Parallel Lines

A Tribute to
Lloyd Wade Kitchens, Jr., M.D., MACP
1946-2001


Introduction

It was a bit of a surprise that Lloyd, a remarkably versatile "Renaissance man," made no effort to become fluent in the language of cyberspace. I have a few e-mails which he sent on his son's AOL account. Most were on the order of "TELL ME IF YOU RECEIVE THIS." Lloyd was a verbal person and loved to communicate face to face or on the telephone. The messages I've saved on my answering machine are as eloquent as any lecture he gave at Baylor Medical Center.

One evening in January 2001 I found one such message, shorter than many previous ones, but so typical for my friend.

"Becky? Kitchens! Do you still live here in America? I do... we've been out of touch for far too long. Call me sometime at your convenience. I think of you often and fondly and hope you are well. We are well... except for the osteomalacia that keeps me fracturing one major bone or another.

Connie is doing very well. She's quite selective in the roles she accepts, but she gets wonderful reviews in everything she does. Ben is growing in wisdom and stature and favor with God and man. He's doing well on the piano and learning guitar. You would enjoy talking music with him.

I hope you are going to the ACP in Atlanta. It seems that, through some terrible mistake, I have been chosen to get an honor at the annual meeting there. I know Connie is going to sing the National Anthem at the convocation, and I'm going to play the piano for her. I know you need to go to the heart meetings, but the ACP is no slouch, and you would enjoy it. Anyway, we would love to see you. I'm... I'm not sure how many more chances we will have. Give me a call this weekend."

I called Lloyd right back and confirmed that I would see him in Atlanta. Nothing would prevent our time together. I didn't realize how accurate his estimate would prove to be.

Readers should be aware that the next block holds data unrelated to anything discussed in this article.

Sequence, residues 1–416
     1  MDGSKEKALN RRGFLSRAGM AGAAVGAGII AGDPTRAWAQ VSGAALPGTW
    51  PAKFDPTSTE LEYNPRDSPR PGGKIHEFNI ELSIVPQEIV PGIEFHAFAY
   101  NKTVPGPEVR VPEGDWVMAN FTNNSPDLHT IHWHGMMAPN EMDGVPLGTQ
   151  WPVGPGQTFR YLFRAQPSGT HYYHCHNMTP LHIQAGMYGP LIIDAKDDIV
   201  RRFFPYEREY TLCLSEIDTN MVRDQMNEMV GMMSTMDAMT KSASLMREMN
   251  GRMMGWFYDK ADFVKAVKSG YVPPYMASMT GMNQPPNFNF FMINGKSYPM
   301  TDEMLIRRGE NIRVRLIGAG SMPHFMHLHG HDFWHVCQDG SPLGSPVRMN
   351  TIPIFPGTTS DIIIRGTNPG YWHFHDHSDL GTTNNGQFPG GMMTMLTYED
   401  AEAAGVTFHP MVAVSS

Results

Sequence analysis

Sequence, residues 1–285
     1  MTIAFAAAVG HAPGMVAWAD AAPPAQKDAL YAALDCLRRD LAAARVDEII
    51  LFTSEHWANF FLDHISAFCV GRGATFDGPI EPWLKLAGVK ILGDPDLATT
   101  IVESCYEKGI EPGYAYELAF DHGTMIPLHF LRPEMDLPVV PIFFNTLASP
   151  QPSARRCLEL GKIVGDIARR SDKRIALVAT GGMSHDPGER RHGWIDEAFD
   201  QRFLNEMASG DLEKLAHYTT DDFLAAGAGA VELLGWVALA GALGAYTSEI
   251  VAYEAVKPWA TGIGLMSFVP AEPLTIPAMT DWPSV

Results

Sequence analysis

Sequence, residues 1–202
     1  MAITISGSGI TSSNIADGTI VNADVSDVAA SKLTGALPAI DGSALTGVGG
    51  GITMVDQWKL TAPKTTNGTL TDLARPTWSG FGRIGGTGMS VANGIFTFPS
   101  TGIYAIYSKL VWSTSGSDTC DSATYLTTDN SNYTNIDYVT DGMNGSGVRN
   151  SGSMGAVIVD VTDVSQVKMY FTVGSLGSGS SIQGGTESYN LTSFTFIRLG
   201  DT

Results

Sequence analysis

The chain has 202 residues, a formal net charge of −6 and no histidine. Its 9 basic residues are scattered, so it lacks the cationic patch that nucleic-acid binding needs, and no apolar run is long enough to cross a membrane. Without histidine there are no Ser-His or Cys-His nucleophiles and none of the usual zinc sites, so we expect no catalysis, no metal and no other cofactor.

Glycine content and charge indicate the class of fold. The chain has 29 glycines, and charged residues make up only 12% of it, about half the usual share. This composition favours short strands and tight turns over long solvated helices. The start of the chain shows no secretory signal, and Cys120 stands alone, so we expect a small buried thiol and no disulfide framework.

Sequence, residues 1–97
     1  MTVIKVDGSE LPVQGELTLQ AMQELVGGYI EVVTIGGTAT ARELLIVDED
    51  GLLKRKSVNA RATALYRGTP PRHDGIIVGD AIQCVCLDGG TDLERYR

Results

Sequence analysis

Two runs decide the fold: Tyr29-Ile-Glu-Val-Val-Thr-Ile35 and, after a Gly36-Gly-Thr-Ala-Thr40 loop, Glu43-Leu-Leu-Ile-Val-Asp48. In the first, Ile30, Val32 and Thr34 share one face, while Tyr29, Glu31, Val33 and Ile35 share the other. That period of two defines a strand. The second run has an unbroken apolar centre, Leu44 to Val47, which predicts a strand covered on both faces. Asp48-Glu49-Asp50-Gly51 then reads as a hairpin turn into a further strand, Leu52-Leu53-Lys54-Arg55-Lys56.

1. Innocence

The summer of 1963 was a time of transition in my Mississippi world. We were yet untouched by the terrible events which would unfold in the next year, but we had experienced a foretaste of trouble in the fall of 1962, when James Meredith enrolled at the University of Mississippi. No black person had ever before attended a "white" school in the state, and this action angered some white Mississippians enough to provoke a violent response. For them, the Civil War never ended, and their lives revolved around the preservation of a glorious "Southern Heritage" which always seemed strange to me.

Even then, I was of a different world view. Why do we still concentrate on this war? In the first place, we lost. Men died on the battlefields. Women starved at home, or were raped and murdered. It was a dreadful time. And for heaven's sake, we were fighting for a dreadful cause. Don't tell me we were fighting for "states' rights." Sure we were - the "right" to permit human slavery. Of course, I didn't articulate these views to just anyone. It would have been hazardous to my health.

So I was not upset by the fact of a black man attending Ole Miss. I was shocked, however, at the violence which erupted in rioting in Oxford, leading to the deaths of two persons, neither of whom were college students. All this because someone simply wants to go to school? At the time I thought no one else in Mississippi felt as I did.

The racial integration of Ole Miss did not result in black students attending the white public schools in Mississippi until several years later. My all-white class in Greenwood High completed our junior year in the spring of 1963 and anticipated our year as the Big People On Campus - our "glory days" as Springsteen would later sing about.